Natural gas forward prices generally moved lower for the Dec. 6-12 period as milder weather finally moved across the country, slashing demand from earlier highs. January prices were down an average 20 cents, while the balance of winter (February-March) was down an average 12 cents, according to NGI’s Forward Look. New England pricing hubs, however, bucked the downtrend as ongoing pipeline constraints in the region continue to leave those markets vulnerable to price spikes.
After seemingly endless weeks of bitter winter weather, a turn milder this week led to steep sell-offs in forward and cash markets alike. For the forward markets, Nymex futures led the dramatic declines as the January contract tumbled 19 cents to $4.136, February dropped 18 cents to $4.035 and March slipped 7 cents to $3.853.
Even as long-range weather outlooks continued to fluctuate, near-term weather forecasts have trended increasingly warmer, according to Bespoke Weather Services. As far as details, a strong weather system was expected to sweep across Texas and the South Thursday into Friday with areas of rain, locally as snow, and then move across the Southeast Friday and Saturday.
The rest of the country was forecast to be mostly mild into early next week, with high temperatures expected in the 40s and 50s across the northern tier and 60s to locally 70s elsewhere, NatGasWeather said. A fast-moving weather system was forecast to race across the Northeast early next week with colder temperatures, while remaining mild over the rest of the country, the firm said.
Despite the sell-off in futures and forward prices this week, some weather models have begun to trend colder for the Northeast cold front and again for a brief cold snap expected just before Christmas. Models, however, continued to show the cold air shifting over the west-central United States Dec. 26-28 as the East warms, according to NatGasWeather.
“There’s still expected to be very cold air over Canada during the last week of December, so colder trends in time could occur with just the slightest shift southward of the frigid cold pool,” the forecaster said.
Indeed, the United States recorded a total of 969 gas-weighted heating degree days (GWHDD) for the period from Nov. 1 to Dec. 12, according to forecaster Radiant Solutions. This is nearly 100 GWHDDs colder than the 30-year normal and ranks as sixth coldest for the period among records dating back to 1950.
“The start of the heating season will be remembered for a top-10 November cold, early season snow from the Midwest to the East and record snow this past weekend in parts of the Carolinas and Virginia,” Radiant Solutions lead meteorologist Bradley Harvey said.
A pattern change is now on the doorstep as most areas in the United States have above normal temperatures forecast for the next 10 days, Harvey said. Radiant Solutions’ forecast ranks as the fifth warmest for the period for Dec. 13-22, per national GWHDD measures.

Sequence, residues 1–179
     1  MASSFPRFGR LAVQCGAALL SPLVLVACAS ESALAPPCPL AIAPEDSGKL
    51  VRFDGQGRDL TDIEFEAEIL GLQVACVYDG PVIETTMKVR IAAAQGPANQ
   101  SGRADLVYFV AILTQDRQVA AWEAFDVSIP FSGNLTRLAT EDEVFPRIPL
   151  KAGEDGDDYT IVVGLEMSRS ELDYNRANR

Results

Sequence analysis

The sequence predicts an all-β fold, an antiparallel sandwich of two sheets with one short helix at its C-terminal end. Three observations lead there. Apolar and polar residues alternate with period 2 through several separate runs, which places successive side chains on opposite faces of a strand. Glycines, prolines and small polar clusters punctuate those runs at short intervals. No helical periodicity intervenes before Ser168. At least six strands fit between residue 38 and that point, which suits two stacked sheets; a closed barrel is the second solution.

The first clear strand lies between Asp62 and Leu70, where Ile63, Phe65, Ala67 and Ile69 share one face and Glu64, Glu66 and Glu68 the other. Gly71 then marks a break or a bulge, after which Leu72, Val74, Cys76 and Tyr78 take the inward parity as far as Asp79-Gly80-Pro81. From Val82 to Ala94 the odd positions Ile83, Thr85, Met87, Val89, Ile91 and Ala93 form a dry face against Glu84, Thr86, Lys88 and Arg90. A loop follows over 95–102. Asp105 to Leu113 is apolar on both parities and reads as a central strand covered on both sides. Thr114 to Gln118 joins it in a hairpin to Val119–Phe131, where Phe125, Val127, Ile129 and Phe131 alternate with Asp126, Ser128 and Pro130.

The weather firm expects the near-term warmth to give way to a variable January and a colder-than-normal balance of winter. The November to March heating season is on pace to total 3,847 GWHDDs, which would make it the coldest since the 2014-15 season and about 4% colder than last year, it said.
Other forecasters agreed that January could trend colder, especially as the month progresses. If stratospheric influences emerge, the United States could see more significant cold late in January, but there is still uncertainty, according to Bespoke Weather Services. “We have an interesting battle setting up between the stratosphere and tropospheric tropical forcing, which could limit any Arctic connection into the U.S. temporarily,” chief meteorologist Jacob Meisel said.
Current outlooks reflect a very strong signaling for a cold February, while December always had the highest confidence warm signal of the winter, he said.
The potential for extremely cold temperatures to envelop the Lower 48 in January and February is the key factor supporting winter risk premiums, according to EBW Analytics. “If this meteorological buildup toward colder temperatures were to fall apart, front-month futures could come crashing down,” EBW CEO Andy Weissman said.
In the more likely event that it materializes, however, it would not be surprising to see the January contract move rapidly toward $5.00/MMBtu or above as confidence rises in the potential for severe cold and potential storage risks, he said.
Furthermore, any truly frigid air would likely lead to pipeline freeze-offs. Freeze-offs can rapidly depress output by several Bcf/d and keep output levels subdued long after the coldest weather passes, EBW said. “Last winter, production plunged by 3.5 Bcf/d to start the new year as extreme cold led to production freeze-offs. News of a rapid plunge in output this year may spark a rally in a market already concerned about supply adequacy.”
Indeed, the dismal storage picture has continued to deteriorate given the chilly start to the winter season. Based on storage data through Nov. 30, when inventories stood at 2,991 Bcf, RBN Energy said the market would have to withdraw no more than 1,638 Bcf total (the equivalent of 13.7 Bcf/d) in the 120 days between Dec. 1 and March 30 in order to get to last year’s end-of-March benchmark of 1,354 Bcf. In order to get to the five-year average level of 1,630 Bcf, the market would have to keep withdrawals to 1,362 Bcf, or just 11 Bcf/d over that period.
“Over the past five years, the lowest daily average withdrawal over that period was 12 Bcf/d in 2015-16, when the market experienced a relatively mild winter. But daily average withdrawals have been in the 15-20 Bcf/d range the past two winters,” natural gas analyst Sheetal Nasta said. “So, for this year’s inventories to withdraw no more than 11-14 Bcf/d would require the supply-demand balance to be considerably looser than the past two years.”
The bottom line is that unless weather-related consumption comes in on the low end of recent years during what are typically the coldest months of the year, the inventory is likely to remain at a deficit to year-ago and five-year levels through March 2019 at least, according to RBN. “And, an ongoing deficit past withdrawal season could extend price volatility well into 2019,” Nasta said.